The Mazda3-based suspension is MacPherson struts front and multi-link independent rear, the latter designed to help suppress cornering lean that might result from the vehicle's relatively tall height. Brakes are large four-wheel discs with vented front rotors, ABS and Electronic Brake Force Distribution (EBD), while steering is electronic power assisted rack and pinion. Given that one of Mazda's strong points in recent years has been well-tuned chassis dynamics (zoom-zoom), handling, braking, and steering are not at all surprisingly good.
The nicely turned out instrument panel has its center section raised for easy visibility and reach to HVAC, audio, and other frequently used controls. Fits and materials throughout are as good as anything in its price range and better than most. The large manual rear doors slide open and closed with remarkably low effort for easy access to the middle-row seats, which flip forward with a single motion for third-row ingress and egress. Mazda adds standard front, front side, and three-row side curtain airbags.
Priced to move
We've saved powertrain for last because it may be the only weak link in what is otherwise a very attractive, versatile and enjoyable vehicle. Calibrated to trade three of the Mazda3's 160 horses for a flatter torque curve, the same 2.3-liter 16-valve DOHC four that seems so lively in the 2800-pound Mazda3 seems a bit overwhelmed by the Mazda5's 500-plus additional pounds. We sampled it with both five-speed manual and optional four-speed automatic transaxles with two normal-sized adults and no cargo on board and found it, well, slow. Informal 0-60 runs with the automatic were 11 seconds plus.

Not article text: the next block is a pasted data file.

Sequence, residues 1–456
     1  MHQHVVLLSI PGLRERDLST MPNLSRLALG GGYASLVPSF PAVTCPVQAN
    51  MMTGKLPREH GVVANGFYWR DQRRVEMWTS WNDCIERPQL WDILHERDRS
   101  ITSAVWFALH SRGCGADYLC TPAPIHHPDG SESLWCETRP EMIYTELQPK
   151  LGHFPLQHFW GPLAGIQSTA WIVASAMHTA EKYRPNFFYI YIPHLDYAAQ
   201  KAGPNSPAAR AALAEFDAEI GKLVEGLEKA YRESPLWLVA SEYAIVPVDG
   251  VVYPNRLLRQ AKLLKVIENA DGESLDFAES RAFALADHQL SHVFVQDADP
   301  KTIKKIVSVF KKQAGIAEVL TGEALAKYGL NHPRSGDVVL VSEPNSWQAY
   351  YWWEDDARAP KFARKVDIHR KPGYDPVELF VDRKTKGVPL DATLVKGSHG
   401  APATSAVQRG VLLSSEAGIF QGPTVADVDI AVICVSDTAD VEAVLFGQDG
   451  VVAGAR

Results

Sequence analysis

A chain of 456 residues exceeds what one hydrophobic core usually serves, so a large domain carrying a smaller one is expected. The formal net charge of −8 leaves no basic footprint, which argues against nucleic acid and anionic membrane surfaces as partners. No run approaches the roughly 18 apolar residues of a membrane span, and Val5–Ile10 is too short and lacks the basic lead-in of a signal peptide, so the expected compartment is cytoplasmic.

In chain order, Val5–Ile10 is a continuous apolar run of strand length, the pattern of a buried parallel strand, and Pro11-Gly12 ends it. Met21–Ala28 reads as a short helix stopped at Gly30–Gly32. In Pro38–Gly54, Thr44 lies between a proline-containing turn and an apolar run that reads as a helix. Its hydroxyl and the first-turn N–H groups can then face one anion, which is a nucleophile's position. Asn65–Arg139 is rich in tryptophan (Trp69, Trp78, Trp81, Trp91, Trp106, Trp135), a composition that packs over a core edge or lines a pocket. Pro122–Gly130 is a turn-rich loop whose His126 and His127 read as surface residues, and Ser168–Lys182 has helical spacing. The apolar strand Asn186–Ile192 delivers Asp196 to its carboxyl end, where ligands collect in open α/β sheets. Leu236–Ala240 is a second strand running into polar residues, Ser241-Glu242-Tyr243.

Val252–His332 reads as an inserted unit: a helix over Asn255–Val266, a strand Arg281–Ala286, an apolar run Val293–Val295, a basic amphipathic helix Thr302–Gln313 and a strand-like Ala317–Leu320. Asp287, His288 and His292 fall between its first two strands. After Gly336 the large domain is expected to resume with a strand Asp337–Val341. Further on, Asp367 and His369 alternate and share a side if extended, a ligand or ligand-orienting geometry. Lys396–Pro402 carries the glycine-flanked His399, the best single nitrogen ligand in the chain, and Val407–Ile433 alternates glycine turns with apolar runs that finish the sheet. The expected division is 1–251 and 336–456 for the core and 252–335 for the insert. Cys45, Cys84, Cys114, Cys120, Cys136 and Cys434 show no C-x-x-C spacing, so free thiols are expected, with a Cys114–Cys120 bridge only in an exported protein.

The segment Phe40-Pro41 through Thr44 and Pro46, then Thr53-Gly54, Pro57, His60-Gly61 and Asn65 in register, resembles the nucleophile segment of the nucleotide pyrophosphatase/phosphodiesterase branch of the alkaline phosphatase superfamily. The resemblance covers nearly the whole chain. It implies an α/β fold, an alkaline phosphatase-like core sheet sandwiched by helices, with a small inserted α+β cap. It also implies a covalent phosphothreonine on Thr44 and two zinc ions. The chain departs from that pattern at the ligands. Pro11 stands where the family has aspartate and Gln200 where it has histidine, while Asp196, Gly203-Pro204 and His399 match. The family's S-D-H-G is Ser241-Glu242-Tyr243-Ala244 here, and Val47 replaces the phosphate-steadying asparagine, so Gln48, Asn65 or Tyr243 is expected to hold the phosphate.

Not that such a practical, utility-oriented vehicle needs to be fast. But we wondered if this powertrain's performance doesn't fall somewhat short of Mazda's "zoom-zoom" brand character even at light load. And it certainly will with multiple passengers and/or heavy cargo, especially uphill and at high altitudes. "Zoom-zoom isn't just about zero-to-60," Munsey reminds us, "it's the entire driving experience." Yes, but?.
Mazda5 prices start at $17,995 (including destination charges) for the base Sport model with 17-inch alloy wheels, AM/FM/CD stereo, cruise control, power windows and door locks. The $19,510 Touring model adds automatic climate control, fog lamps, a power moonroof, rear spoiler, side skirts, and uplevel audio with MP3 and in-dash six-disc CD changer. The four-speed automatic goes for $900, the moonroof (on the Sport) for $700 and a navigation system (on the Touring) for $2000.
Asked whether there might be a higher-performance version down the road - bigger tires, tighter suspenders and maybe 50 more horses - Mazda North America marketing V.P. Don Romano said probably not. Given the delightful zoom-zoom persona Mazda has worked so hard to cultivate of late, they may want to rethink that. And they probably are.
Warranty: Four years/50,000 miles